WorkboxJs produces Service Workers for you. Also through Webpack.

October 25, 2017 0 Comments

WorkboxJs produces Service Workers for you. Also through Webpack.



Progressive Web Apps are surely the future of the web, and maybe not only the web. This is possible because new technologies are landed on modern web browsers, like Service Workers.

We can use Service Workers to build the offline experience for our end users both, of course, on desktop and mobile, just using native browser APIs. This is (read: could be) the killing native-apps era.

You can of course write your Service Worker for your application entirely from scratch (and just do this, because you can better understand what you are actually doing), but this is a tedious work and some folks just solved the problem automating the task, using best practices.

I’m talking about WorkboxJs. Here is an overview from the home of their website:

Workbox is a collection of libraries and build tools that make it easy to store your website’s files locally, on your users’ devices.
Consider Workbox if you want to:
- Make your site work offline.
- Improve load performance on repeat-visits. Even if you don’t want to go fully-offline, you can use Workbox to store and serve common files locally, rather than from the network.

And this is actually exactly what Service Workers do, behind the scene, so Workbox is just a tool to produce native code for you.

You can start using Workbox today, using npm scripts to run the workbox-cli, you can use gulp to run the workbox-build module, but of course you can also run it as a Webpack plugin: workbox-webpack-plugin.

Now let’s setup our offline-first application with Webpack and Workbox.
First grab a new folder on your system and yarn inititialize the project.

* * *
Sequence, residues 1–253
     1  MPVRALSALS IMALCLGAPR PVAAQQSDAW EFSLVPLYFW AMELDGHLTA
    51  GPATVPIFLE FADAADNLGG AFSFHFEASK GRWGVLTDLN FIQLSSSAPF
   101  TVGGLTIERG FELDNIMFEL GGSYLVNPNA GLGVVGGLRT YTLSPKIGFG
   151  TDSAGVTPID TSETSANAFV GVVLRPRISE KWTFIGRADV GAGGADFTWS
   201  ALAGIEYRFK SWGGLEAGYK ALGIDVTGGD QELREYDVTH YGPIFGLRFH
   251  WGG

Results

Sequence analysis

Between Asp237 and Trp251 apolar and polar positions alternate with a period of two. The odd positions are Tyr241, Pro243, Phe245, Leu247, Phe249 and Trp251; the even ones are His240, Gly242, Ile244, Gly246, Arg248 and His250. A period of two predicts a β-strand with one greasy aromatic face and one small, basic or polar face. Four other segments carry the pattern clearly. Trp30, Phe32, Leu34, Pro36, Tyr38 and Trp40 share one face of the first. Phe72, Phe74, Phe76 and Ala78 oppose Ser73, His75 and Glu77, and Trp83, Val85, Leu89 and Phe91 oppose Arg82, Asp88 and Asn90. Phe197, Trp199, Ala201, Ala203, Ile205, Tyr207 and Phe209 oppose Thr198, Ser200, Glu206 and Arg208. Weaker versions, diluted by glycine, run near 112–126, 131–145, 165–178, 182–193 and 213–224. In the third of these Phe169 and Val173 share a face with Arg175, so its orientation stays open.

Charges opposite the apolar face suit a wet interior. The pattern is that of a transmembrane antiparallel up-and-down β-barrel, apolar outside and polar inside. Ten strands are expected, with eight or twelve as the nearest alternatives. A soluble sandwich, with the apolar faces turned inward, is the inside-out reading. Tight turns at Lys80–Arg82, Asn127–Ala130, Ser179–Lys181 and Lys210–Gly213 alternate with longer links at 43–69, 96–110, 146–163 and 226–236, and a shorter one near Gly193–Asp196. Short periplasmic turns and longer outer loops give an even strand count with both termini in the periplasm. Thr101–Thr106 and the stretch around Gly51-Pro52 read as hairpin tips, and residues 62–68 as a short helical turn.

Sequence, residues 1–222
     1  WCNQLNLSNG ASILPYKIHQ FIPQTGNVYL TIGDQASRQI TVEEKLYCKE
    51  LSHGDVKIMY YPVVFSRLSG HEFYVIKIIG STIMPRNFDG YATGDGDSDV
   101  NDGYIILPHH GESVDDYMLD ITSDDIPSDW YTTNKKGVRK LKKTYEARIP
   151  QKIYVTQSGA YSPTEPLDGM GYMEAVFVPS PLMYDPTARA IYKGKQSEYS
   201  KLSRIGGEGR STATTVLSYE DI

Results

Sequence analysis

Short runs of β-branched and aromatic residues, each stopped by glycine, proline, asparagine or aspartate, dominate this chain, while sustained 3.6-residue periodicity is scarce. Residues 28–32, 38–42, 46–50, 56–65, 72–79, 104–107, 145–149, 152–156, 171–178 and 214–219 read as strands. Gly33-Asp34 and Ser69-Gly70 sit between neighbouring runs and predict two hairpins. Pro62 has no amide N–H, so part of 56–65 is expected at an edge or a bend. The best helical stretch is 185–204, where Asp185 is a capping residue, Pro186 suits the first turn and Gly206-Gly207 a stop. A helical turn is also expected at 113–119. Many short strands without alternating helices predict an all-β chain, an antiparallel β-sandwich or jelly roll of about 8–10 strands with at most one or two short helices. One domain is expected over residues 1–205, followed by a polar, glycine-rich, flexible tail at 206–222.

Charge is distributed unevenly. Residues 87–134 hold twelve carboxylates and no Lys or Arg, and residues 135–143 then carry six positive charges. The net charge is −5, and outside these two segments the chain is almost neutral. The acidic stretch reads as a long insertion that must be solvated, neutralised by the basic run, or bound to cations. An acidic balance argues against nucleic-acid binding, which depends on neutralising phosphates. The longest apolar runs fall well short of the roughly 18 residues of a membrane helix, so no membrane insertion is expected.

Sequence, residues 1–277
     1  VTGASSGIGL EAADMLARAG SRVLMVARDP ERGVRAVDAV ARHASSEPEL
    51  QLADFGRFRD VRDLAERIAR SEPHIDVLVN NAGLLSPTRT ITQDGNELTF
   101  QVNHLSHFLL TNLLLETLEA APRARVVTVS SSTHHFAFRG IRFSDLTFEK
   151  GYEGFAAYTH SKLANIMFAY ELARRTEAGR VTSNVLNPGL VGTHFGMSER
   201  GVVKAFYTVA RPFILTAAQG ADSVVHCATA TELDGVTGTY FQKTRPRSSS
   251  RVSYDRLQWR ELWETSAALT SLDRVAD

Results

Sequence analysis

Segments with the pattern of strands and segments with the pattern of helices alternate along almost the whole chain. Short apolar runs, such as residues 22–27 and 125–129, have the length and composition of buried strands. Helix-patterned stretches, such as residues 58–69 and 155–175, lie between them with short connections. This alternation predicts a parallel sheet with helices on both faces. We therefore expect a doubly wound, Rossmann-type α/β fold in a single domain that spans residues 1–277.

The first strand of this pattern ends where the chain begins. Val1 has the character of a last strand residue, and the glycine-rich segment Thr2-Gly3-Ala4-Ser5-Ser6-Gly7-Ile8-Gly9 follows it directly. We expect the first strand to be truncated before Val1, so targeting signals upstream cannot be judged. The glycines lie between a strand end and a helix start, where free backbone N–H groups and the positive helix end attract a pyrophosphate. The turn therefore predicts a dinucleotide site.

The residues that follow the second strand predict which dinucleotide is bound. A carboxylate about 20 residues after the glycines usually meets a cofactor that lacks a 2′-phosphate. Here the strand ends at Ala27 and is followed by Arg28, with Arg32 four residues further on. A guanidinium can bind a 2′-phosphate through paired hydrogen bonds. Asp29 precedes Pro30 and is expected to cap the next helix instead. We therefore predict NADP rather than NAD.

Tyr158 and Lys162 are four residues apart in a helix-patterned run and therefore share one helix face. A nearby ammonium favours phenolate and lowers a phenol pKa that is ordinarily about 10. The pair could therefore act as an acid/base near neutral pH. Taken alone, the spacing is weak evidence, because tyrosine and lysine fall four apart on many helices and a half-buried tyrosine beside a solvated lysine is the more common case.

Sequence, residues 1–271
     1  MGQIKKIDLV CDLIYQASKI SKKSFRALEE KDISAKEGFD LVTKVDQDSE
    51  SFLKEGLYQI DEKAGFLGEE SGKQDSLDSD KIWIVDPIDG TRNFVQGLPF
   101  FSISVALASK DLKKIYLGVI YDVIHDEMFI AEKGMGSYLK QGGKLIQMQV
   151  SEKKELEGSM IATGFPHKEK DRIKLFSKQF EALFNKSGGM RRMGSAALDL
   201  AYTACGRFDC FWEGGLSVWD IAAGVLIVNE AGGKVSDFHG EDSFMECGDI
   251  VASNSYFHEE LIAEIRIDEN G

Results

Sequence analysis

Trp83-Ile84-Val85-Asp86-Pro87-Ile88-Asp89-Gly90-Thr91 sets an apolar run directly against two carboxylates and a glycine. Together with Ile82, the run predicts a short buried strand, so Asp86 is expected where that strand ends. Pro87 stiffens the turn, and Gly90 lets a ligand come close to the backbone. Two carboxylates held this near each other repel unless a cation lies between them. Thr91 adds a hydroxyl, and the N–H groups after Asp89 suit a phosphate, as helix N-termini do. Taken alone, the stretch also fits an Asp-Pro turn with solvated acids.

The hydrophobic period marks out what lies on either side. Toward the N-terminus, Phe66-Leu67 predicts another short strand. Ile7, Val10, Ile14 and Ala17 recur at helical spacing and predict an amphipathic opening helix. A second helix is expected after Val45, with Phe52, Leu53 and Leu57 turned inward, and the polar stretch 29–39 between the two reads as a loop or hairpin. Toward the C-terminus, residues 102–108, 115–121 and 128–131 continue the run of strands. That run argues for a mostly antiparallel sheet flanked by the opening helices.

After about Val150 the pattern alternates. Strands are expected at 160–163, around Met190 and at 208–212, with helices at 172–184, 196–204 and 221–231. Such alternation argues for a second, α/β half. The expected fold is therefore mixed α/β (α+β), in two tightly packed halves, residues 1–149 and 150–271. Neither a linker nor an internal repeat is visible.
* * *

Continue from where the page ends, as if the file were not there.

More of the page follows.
Then add as dev dependencies using yarn add --dev (or npm of course, as you wish):

  • webpack
  • workbox-webpack-plugin
  • copy-webpack-plugin (to copy static files to a new dist directory for the build)

Create a folder named src and first of all create a simple index.html inside it:

Now we can create the main entry point for Webpack. Within the src folder create an index.js where to put a dead simple logic just to show some changes on the page:

Time to create the webpack configuration. So, within the root of the project create the webpack.config.js:

As you can see we are caching everything using that glob reference within the globPatterns Workbox configuration option. 
NOTE: Under the hood the workbox-webpack-plugin is talking with the workbox-build NPM module, you can learn more about the options reading the documentation.

Setup two NPM scripts for build and serve our application, but before that add another dev dependency: http-server. We will use it to serve our built application after running webpack.

Add a start script within the package.json:

"start": "http-server dist"

And a build script:

"build": "rm -rf dist && webpack"

Now we can simply run our build script to build the bundle with Webpack, copy the index.html, and generate all the needed files for our Service Workers through Workbox.


yarn build && yarn start

And now time to see our application running on http://localhost:8080.

Fortunately, folks at Google are really cared about debugging Service Workers and with the last Chrome improvements they added the awesome “Application” tab within the Chrome Dev Tools that allows us to easily debug and delete all the data that a web page is caching. And this is awesome.

Open the dev tools and switch to the Application tab. Now on the left side bar click on “Service Workers” and you should see something like this:

Et voilà! Service Workers up and running, ready to go offline with you. 🚀 
You can play with the dev tools and the “Clear storage” tab (on the side), it’s features are really useful when you need to debug your Workers really deep, because you want to have the control on what you are seeing on the screen, live code, or cached code.

To test easily that you are actually enabled your application to work offline just switch toggle that “Offline” checkbox just over your localhost address, reload the page and:

This is a very small intro to Workbox and Service Workers, but there are a lot of things you can do with them to enhance the experience of your user and be competitive with native implementations.

I have group up the code in a sample repo if you want to check out the entire code: medium-webpack-workbox.

Always feedback and comments appreciated 👍

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